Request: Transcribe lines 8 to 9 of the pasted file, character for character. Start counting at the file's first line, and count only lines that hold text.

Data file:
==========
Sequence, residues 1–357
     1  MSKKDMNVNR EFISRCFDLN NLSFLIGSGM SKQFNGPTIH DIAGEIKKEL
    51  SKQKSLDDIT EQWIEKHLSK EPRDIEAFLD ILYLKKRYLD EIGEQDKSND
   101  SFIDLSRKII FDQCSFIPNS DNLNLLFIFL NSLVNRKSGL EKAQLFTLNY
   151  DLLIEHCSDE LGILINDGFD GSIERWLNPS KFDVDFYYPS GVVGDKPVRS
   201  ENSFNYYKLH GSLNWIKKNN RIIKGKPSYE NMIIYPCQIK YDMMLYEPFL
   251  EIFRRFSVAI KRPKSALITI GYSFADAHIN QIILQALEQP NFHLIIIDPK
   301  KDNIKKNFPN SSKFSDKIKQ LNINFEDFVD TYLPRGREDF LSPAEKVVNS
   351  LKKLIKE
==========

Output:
   301  KDNIKKNFPN SSKFSDKIKQ LNINFEDFVD TYLPRGREDF LSPAEKVVNS
   351  LKKLIKE